A delightful find!
12 October, 2013
I can never thank director David O. Russell for making a movie (Silver Linings Playbook – 2012) based on the novel The Silver Linings Playbook by Matthew Quick, because if it wasn’t for the movie, I would never have discovered the book. And I wouldn’t have known what I was missing.
I had been hearing rave reviews for the movie and was dying to watch it, admittedly more for a chance to feast my eyes on the hunky Bradley Cooper than for anything else. With a brand new baby at home, I knew the chances of catching a show were much too bleak. So I did what I thought was the next best thing. When I learned that the movie was based on a novel, I borrowed it from the local library, hoping to turn a few pages during baby’s nap times.
Very soon, I was reading it all the time – keeping it propped up against the microwave while making dinner, while trying to rock a crying infant to sleep, late into the night, at the breakfast table. Till the day before, I had never heard of Matthew Quick, and now he had me hooked. And how!
The Silver Linings Playbook is the story of a young man named Pat Peoples, whose mother takes him home from the asylum right at the beginning of the story. With each page, the reader unfurls one layer at a time to discover more about this man – why he was at the asylum, why his family is fidgety every time Pat brings up his wife Nikki’s name, why he can’t find his wedding video, why he can’t go back to work as a History teacher, why the soulful tunes of My Cherie Amour make him hold his head and cringe in agony. What sets this story apart is that Pat discovers himself with the reader. The circumstances that led him to the asylum are as much of a mystery to Pat, suffering from a form of neurosis and under the treatment of Dr. Patel, as they are to the reader. All he can share with the readers is that he loves Nikki with all his heart and that they will be together once ‘apart time’ is over. And when he isn’t trying to mend his shaky relationship with his father or cheering for the Philadelphia Eagles, he is running. Sculpting his body to perfection would make Nikki happy.
Throughout, his stabbing loneliness, his desperation to find Nikki and his undying faith come through so clearly, that I felt myself fervently hoping they would unite soon. And I couldn’t turn the pages fast enough, to see who this mysterious Nikki was and why she was away from Pat. And I was so involved in the story that I felt that I was turning the pages as much for Pat’s sake as for mine!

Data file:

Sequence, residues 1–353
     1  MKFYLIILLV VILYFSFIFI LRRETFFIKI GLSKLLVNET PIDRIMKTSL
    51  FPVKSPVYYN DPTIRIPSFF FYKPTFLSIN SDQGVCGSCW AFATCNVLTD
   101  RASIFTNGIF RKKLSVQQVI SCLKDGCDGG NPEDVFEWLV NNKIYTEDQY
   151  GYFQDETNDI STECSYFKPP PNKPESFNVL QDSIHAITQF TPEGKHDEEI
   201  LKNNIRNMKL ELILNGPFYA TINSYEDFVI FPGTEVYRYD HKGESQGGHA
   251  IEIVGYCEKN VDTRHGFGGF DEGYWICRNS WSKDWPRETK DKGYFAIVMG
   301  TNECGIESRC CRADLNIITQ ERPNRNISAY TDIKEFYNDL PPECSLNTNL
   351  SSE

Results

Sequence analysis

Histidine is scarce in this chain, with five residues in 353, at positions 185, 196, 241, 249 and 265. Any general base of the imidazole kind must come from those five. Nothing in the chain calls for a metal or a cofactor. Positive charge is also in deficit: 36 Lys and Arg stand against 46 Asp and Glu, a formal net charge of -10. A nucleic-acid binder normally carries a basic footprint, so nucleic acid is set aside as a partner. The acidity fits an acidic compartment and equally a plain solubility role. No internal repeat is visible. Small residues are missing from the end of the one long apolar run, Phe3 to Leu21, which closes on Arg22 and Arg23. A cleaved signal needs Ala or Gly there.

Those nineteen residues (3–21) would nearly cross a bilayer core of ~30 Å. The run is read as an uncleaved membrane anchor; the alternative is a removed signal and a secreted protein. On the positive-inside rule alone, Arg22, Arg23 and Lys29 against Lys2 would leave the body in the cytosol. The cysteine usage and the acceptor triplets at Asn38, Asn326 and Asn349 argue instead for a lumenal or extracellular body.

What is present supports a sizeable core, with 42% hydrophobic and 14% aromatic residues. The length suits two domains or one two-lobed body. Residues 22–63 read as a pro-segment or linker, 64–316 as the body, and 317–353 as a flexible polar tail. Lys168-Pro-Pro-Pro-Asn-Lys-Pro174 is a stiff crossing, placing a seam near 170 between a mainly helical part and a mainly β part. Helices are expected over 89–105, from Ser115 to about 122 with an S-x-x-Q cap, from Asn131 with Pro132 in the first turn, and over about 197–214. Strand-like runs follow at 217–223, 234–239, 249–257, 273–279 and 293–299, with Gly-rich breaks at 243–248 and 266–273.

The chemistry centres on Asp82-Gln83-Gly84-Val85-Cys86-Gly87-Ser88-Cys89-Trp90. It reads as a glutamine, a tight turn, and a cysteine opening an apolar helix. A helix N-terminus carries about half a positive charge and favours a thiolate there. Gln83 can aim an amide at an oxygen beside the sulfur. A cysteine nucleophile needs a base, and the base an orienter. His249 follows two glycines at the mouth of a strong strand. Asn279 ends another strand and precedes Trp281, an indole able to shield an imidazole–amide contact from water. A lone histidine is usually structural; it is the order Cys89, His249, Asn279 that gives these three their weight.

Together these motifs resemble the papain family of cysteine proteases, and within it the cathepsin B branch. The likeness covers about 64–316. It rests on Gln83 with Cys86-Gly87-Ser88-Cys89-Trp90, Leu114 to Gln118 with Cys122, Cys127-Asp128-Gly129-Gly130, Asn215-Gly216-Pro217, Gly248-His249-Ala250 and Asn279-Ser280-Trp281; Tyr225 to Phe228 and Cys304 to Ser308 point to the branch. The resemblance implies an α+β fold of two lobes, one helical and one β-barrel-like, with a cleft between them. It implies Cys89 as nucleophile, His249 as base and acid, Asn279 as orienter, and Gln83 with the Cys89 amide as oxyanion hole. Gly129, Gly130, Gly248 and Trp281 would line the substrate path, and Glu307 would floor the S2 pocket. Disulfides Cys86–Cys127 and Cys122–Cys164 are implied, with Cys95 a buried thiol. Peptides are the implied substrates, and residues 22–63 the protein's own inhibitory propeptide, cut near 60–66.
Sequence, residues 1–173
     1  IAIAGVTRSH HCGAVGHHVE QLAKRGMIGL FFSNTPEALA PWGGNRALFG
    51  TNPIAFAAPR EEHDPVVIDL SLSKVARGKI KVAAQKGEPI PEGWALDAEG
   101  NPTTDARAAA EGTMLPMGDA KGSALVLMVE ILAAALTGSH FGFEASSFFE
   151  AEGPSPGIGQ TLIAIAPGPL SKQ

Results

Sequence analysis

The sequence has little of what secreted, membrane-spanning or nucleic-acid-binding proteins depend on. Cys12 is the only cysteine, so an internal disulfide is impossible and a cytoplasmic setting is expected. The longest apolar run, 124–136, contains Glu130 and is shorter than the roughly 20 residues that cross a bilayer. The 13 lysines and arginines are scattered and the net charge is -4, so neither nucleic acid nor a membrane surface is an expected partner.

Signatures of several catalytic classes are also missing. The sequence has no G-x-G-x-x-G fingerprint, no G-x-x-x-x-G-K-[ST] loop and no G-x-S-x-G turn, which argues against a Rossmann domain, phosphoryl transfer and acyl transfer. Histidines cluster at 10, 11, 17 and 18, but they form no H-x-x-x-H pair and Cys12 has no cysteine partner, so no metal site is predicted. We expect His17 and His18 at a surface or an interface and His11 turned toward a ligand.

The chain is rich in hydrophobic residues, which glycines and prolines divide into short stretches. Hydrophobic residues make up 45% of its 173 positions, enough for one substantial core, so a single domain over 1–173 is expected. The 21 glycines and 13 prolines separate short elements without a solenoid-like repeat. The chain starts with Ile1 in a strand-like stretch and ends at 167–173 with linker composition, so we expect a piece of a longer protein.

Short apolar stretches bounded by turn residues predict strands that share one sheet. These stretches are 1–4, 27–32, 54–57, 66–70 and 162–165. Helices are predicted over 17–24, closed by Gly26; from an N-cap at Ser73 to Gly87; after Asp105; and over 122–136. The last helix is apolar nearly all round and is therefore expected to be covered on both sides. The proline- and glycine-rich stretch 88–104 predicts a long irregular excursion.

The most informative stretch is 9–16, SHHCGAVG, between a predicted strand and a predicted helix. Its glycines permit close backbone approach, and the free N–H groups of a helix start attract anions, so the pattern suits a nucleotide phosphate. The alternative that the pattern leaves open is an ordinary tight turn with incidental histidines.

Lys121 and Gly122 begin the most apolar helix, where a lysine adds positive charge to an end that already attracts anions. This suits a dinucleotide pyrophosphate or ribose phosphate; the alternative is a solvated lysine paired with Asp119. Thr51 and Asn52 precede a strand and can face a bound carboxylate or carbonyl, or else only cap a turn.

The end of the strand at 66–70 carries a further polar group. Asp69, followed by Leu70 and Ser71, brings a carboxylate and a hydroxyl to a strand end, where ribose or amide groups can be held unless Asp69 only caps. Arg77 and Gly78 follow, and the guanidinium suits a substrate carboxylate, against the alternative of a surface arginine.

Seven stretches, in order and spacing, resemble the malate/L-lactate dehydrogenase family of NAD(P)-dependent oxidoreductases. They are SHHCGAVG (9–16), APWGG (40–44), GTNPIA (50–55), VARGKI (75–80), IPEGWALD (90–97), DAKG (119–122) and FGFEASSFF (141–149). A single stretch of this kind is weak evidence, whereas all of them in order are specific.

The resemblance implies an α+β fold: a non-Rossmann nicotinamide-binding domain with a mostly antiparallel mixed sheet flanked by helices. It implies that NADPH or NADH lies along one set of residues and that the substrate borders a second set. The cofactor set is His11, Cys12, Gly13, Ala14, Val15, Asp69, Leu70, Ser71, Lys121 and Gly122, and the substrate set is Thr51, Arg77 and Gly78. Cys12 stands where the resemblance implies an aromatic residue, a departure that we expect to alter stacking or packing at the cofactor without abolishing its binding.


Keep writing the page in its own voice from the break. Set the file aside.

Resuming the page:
Then walks in a most interesting character in the form of Tiffany, a fiery widow, Pat’s best friend’s sister-in-law. Loss of a spouse and similar neuroses bring them closer, as they try to work out their issues and understand each other’s eccentricities.
Eventually, Tiffany ropes Pat in to be her partner at a dancing competition, in exchange for an offer Pat can’t refuse – Tiffany would act as a bridge between Pat and Nikki and would risk going against a restraining order to bring the two of them each other’s letters, and if they win the competition, they could meet. How Pat – somebody who has never danced except for a silly jig at the Eagles games – gives it all he has got and the pain he takes to train for the dance, just so that he can hear from Nikki, is heart-breaking. And a series of warm and passionate letters down the line, what awaits Pat and the readers is another unexpected twist. After several turns of events which I will let the readers find out, the story ends with Pat and Tiffany lying down on the grass and studying the clouds. That has to be one of the most subtly beautiful imagery of romance I have happened to come across in any book.
What I liked best about the book was that how it is easy to know exactly what each character is feeling, without them actually saying anything aloud. And this is where the movie, though undoubtedly lovely, falls short. However, one point where the movie scores over the book is in the results of the dance competition, which I thought was more realistically portrayed in the movie.
If you neither read the novel nor watched the movie and wish to do both, do watch the movie first; because it is too easy to find faults with the movie once you have experienced the book, and that would dampen the enjoyment of the movie like it did for me.
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